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Equally shared parenting and custody movement gaining momentum

On Behalf of | Jun 14, 2013 | Uncategorized |

The determination of child custody can be a hotly contested issue after a couple goes through a divorce. Many times, joint custody is granted which often leaves one parent with only one weeknight and every other weekend with their child. The structuring of a joint custody arrangement is typically based on economic resources, which may leave a much needed parent with little time with his child.

A new movement is underway throughout the U.S. to raise awareness about equally shared parenting and is attempting to make it a reality. A Massachusetts organization, known as Leading Women for Shared Parenting, is spearheading the campaign in an effort to give children the benefits of having both parents equally present in the child’s life. Supporters of the program point to a study conducted by Arizona State University showing both men and women support equal parenting arrangements. Though the movement is relatively new, it is quickly gaining momentum throughout the country. State laws are slow in reacting to the grassroots push, but supporters are confident that changes will be made.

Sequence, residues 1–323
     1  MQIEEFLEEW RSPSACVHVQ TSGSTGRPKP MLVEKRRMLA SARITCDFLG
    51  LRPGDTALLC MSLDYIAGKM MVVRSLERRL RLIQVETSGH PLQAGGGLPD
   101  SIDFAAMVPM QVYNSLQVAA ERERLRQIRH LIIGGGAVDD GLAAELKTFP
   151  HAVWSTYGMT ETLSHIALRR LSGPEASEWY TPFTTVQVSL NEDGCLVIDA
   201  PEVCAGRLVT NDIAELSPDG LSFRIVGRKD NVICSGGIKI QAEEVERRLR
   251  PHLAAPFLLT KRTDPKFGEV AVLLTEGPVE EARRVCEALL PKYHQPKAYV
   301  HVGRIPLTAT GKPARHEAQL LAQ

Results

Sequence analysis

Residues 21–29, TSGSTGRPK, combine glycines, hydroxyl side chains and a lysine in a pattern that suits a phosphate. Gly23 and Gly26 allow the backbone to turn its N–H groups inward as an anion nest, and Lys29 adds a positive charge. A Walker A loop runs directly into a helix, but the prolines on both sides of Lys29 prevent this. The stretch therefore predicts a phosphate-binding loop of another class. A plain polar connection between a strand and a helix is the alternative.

Until that time, problems in the realm of family law will continue to be complex. Depending on the facts and the parties involved, a dispute regarding child custody can be easily negotiated or fiercely contested during a court hearing. A family law attorney may be able to help a recently divorced couple come to terms and settle their family legal issues. If a mutual agreement is not possible, then an experienced attorney can help fight for what is in the best interests of the parents and the child.

An equal parenting arrangement may be best for a child post-divorce. Yet, until parents agree to these arrangements and courts support them, they will not be very common. So, until then, parents must do what they can to make their child’s life as best as possible.

Source: The Star-Tribune, “Rosenblum: Divorced dads get big gift from fired-up moms,” Gail Rosenblum, Jun. 8, 2013